In striking contrast to the boats in the north, the three Type IXBs enjoying better weather in the south continued to do very well. Off Freetown, on March 16, Jürgen Oesten in U-106 made contact with another convoy, Sierra Leone 68, en route to Britain. Oesten radioed an alarm and beacon signals to bring up Georg Schewe in U-105, then attacked, sinking a 6,800-ton freighter. Mounting a second attack on the next night, Oesten claimed sinking three freighters for 21,000 tons and damage to another. Schewe in U-105made contact, and over the next three days, March 18 to March 21, the two boats chewed away at the convoy, until all fourteen internal torpedoes on each boat had been expended. Schewe sank four ships for 25,500 tons; Oesten in U-106 claimed one “freighter” sunk, one damaged. Unknown to Oesten, the “freighter” claimed as sunk was actually the battleship Malaya, which was escorting the convoy. Slightly damaged, Malaya limped across the Atlantic to the island of Trinidad, thence to the United States, where, as related, under the provisions of Lend-Lease, she was repaired and refitted along with the battleship Resolution, which had been badly damaged by the Vichy French submarine Beveziers in the abortive Allied attack on Dakar.
Schewe and Oesten reported great success. In seven days of tenacious attacks, Schewe claimed sinking six ships for 41,000 tons, Oesten five ships for 36,000 tons—a total of eleven ships for 77,000 tons. The confirmed score was less: Schewe five ships for 27,000 tons, Oesten three ships for 17,000 tons—a total of eight ships for 44,000 tons, plus Oesten’s hit on Malaya, which put her out of action for months.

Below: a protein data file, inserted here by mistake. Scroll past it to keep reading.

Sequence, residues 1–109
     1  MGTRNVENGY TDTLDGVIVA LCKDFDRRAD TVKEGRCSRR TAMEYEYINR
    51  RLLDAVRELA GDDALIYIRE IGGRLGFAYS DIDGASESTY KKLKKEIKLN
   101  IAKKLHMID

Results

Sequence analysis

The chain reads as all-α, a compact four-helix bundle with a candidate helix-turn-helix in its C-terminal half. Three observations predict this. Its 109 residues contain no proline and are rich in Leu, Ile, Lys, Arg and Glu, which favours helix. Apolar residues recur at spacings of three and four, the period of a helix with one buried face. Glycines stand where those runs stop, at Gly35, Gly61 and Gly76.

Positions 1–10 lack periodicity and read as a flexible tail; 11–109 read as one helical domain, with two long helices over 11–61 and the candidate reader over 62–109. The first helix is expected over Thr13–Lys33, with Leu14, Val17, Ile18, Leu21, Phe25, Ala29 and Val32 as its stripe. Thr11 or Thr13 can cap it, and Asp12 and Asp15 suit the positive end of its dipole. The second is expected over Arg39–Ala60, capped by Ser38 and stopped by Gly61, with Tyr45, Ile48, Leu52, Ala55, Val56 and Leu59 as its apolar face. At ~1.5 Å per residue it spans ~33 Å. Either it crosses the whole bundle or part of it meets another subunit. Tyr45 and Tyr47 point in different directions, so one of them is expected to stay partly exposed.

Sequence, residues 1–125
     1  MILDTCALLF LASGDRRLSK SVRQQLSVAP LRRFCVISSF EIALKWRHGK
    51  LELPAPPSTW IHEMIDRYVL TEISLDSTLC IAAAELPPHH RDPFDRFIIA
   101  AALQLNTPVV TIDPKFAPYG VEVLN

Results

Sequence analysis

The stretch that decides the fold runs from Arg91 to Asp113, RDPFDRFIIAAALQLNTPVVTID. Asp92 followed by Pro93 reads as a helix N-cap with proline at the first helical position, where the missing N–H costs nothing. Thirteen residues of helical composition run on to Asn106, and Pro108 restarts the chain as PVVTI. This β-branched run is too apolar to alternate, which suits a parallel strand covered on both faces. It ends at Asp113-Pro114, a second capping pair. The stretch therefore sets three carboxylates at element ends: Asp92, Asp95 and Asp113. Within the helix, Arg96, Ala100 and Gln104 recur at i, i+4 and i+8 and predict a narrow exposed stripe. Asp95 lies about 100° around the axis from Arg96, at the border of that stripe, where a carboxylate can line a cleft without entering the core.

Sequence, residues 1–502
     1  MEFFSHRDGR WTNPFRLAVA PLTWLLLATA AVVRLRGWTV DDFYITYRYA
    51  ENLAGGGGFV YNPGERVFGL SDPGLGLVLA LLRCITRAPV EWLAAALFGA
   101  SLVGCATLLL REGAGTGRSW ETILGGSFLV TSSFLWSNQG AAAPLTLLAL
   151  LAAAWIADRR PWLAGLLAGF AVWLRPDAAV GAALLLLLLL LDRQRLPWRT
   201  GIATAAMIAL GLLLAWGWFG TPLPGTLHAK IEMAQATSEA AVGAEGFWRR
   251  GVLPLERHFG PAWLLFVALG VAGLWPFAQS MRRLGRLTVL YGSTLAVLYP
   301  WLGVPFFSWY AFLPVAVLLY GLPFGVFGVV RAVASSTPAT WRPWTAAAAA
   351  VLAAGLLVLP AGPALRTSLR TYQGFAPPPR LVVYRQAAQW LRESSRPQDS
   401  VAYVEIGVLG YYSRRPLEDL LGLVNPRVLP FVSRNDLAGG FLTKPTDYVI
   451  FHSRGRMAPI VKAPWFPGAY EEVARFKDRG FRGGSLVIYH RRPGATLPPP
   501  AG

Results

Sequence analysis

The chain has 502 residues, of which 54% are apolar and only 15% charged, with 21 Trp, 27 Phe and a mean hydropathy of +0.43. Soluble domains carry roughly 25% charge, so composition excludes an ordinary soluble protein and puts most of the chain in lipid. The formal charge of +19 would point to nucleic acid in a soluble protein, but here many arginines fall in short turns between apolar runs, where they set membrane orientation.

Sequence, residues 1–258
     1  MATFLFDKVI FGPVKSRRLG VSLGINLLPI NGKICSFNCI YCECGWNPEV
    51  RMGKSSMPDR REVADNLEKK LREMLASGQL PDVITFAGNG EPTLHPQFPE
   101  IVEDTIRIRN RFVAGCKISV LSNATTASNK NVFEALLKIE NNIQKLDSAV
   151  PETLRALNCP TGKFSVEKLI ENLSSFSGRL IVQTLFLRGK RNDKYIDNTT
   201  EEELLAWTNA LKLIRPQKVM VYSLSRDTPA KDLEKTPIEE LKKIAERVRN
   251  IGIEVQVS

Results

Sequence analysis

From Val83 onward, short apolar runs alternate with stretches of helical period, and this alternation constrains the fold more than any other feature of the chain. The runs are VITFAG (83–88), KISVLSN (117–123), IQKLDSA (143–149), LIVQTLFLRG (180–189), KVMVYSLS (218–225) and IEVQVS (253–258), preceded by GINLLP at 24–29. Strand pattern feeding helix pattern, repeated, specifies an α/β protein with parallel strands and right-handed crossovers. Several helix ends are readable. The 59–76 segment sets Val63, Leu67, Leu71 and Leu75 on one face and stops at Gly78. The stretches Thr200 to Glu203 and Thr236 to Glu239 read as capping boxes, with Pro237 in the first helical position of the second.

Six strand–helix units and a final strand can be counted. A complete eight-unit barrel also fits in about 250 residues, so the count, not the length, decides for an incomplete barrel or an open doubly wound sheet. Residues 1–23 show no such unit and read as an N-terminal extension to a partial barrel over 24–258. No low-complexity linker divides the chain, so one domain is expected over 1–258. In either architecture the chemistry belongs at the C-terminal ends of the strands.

Winston Churchill was especially shocked and enraged by the losses in this convoy. In a “rocket” to First Sea Lord Dudley Pound he expressed his displeasure and criticized the absence of destroyers in the escort, especially since Malaya was in the formation. Pound replied that the destroyers at hand did not have sufficient range to sail with Sierra Leone convoys, and refueling at sea was deemed to be too dangerous since the ships involved were virtually unmaneuverable during the process. To this Churchill responded: “Nonsense!” If there were four destroyers present, three could protect the other one while it refueled from a tanker in the convoy.
The third IXB in southern waters, Georg-Wilhelm Schulz’s U-124, attempted to rejoin the others after resupplying from Kormoran, but she had a catastrophic failure in both engines, which left her helpless. After the engines were repaired, she closed the coast of Africa and sank a lone 3,800-ton British freighter, bringing Schulz’s total credited sinkings, including substantial overclaims, to 100,117 tons, earning him a Ritterkreuz. While Schulz was closing on Freetown, Schewe in U-105 and Oesten in U-106 downloaded deck torpedoes and then hauled westward and resupplied from Kormoran and the supply ship Nordmark, respectively. En route to the rendezvous, Oesten claimed sinking a 5,000-ton freighter, bringing his total claims to about 82,000 tons. Having heard from B-dienst that Oesten had hit Malaya, Dönitz awarded him a Ritterkreuz*